Public health and safety at events
What needs to be considered when organising a public event
People use a range of illicit drugs, including ecstasy and methamphetamine, in settings such as nightclubs, pubs and live music events, including raves and dance parties.
This webpage is for people who manage premises or organise such events and provides information on how to prevent and reduce the use of illicit drugs and the harm that may result.
It is recognised that the places and environments covered in this information can differ markedly from each other. For example, the issues faced by a person managing a fixed-licensed premise such as a pub or nightclub will be different to a person organising an event such as an outdoor, one-off music festival.
While most hospitality services and events are licensed to sell alcohol, it is recognised that not all may be. Given the danger of consuming alcohol together with illicit drugs, this information is of particular relevance to people who work in a licensed premise or who hold a liquor licence for their event.
With the current concern in our society about binge drinking it is only natural that licensees and their staff will have a strong focus on alcohol. However, illicit drug use or drug dealing should not be overlooked as an issue.
The strategies and actions suggested below are not confined to drug use issues, but are the sorts of things that contribute to a safe environment for patrons and staff generally.
Illicit drug use in and around venues and events can be associated with a number of health and legal risks to patrons and staff including:
By taking some simple actions the risks associated with illicit drug use at events or venues can be reduced and the following benefits will result:
Develop operating procedures that protect the safety and health of patrons and staff.
Frequently asked questions
The following responses are provided to help deal with a situation where a patron has used illicit drugs.
If you believe someone is in need of immediate medical assistance, call an ambulance. The individual's permission is not required.
Explain that you have duty of care obligation under common law to provide a safe environment for patrons. Inform them of the importance of seeking immediate medical assistance for any medical problem. Inform them that police do not attend medical emergencies unless ambulance officers call for help or a death occurs.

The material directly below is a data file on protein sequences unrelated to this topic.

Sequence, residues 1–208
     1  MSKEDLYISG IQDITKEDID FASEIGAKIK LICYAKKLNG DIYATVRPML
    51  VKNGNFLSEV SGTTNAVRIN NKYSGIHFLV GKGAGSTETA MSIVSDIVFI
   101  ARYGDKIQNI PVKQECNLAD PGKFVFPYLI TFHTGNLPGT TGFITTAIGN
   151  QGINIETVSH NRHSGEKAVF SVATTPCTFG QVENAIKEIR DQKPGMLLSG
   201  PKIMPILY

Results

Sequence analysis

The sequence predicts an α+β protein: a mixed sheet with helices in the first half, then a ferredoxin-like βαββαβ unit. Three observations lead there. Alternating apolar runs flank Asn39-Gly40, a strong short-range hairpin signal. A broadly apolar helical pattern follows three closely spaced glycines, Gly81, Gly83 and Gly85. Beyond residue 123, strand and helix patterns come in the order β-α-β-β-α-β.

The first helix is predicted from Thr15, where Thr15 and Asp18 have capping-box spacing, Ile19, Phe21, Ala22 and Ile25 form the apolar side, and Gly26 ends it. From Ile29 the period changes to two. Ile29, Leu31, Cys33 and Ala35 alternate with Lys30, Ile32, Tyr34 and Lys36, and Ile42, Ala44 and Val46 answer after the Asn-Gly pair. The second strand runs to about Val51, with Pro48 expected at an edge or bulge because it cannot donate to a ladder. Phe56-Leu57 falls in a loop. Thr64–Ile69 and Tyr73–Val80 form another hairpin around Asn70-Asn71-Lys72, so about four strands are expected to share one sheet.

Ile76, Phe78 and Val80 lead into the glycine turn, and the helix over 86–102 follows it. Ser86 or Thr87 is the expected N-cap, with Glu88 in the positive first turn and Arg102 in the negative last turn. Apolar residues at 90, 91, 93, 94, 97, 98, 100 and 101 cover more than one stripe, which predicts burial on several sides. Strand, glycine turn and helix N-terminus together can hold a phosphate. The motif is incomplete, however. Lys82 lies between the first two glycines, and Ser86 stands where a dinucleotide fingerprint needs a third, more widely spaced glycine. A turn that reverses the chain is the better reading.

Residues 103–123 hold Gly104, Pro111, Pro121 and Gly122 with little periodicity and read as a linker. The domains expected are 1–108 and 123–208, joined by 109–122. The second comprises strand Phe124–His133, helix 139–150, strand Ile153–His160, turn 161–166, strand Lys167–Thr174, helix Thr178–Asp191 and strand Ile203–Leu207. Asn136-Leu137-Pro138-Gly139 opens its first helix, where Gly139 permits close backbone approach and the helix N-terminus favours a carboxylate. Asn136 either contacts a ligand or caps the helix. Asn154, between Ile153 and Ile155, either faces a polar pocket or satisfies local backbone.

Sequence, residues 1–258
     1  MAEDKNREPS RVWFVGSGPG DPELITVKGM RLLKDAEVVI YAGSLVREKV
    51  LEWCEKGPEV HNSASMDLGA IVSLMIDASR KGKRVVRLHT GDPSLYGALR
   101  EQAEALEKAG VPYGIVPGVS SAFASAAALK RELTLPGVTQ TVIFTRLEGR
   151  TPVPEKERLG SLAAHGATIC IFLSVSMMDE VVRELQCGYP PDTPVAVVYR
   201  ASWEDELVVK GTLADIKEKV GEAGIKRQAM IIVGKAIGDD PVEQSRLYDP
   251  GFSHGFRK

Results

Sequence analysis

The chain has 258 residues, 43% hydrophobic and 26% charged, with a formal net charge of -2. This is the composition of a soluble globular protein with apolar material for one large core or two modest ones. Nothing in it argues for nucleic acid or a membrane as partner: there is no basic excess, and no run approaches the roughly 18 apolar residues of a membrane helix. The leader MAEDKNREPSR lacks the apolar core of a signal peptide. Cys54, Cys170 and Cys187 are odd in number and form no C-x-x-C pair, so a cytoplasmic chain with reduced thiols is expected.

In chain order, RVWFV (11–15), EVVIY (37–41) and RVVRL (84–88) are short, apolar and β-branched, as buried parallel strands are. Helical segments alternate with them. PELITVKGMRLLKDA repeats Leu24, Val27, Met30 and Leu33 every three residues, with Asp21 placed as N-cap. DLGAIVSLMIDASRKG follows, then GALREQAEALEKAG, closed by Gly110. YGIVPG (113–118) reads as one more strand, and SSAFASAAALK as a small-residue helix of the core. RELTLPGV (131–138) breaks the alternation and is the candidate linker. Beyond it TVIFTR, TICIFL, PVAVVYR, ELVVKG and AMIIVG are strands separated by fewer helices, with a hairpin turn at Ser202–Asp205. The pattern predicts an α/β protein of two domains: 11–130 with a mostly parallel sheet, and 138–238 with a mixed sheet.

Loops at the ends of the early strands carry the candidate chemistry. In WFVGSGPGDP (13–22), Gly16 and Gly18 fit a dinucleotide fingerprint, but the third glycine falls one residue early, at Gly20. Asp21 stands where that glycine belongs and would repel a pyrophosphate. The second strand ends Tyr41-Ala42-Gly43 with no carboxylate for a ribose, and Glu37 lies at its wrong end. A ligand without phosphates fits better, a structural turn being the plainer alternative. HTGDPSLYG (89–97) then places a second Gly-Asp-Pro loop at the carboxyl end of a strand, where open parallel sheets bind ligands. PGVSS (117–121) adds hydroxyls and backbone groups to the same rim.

Believe them. Notify management, ensure someone stays with the person, seek medical assistance and encourage the person to notify police of the incident.
The Code of Practice under the Liquor Licensing Act 1997 requires a licensee to establish and maintain appropriate practices to guard against the licensed premises being used for the purpose of illicit drug dealing. A licensee should cooperate with police in the investigation of illicit drug use.
Staff should understand the legal obligations of an event manager/licensee or approved responsible person, and be vigilant and report any unusual or suspicious behaviour by patrons to management. Staff should cooperate with police investigating illicit drug issues. All staff should be aware of the premise’s procedures to ensure an immediate, appropriate and adequate response to any overdose or other medical emergency that occurs in or around the venue or event.
An event manager or licensee will be seen as taking a responsible attitude towards the safety, health and welfare of patrons and staff by acknowledging the possibility of illicit drug use on or in the vicinity of the event or venue.
Illicit drug dealing is illegal and should be reported to the police. If a person is detected dealing drugs on or adjacent to licensed premises, police should be notified.
To safeguard other patrons, staff and the person who is under the influence of drugs, event managers or licensees should request that police escort the person off the premises. It is important that any person suffering adverse effects from drugs is appropriately supervised to ensure they do not put themselves or others at risk of injury.
Yes, however, to avoid disputes with patrons, signs should be prominently placed throughout the premises advising patrons that in the interests of their safety unattended drinks will be collected. Signs are available from the Consumer and Business Services.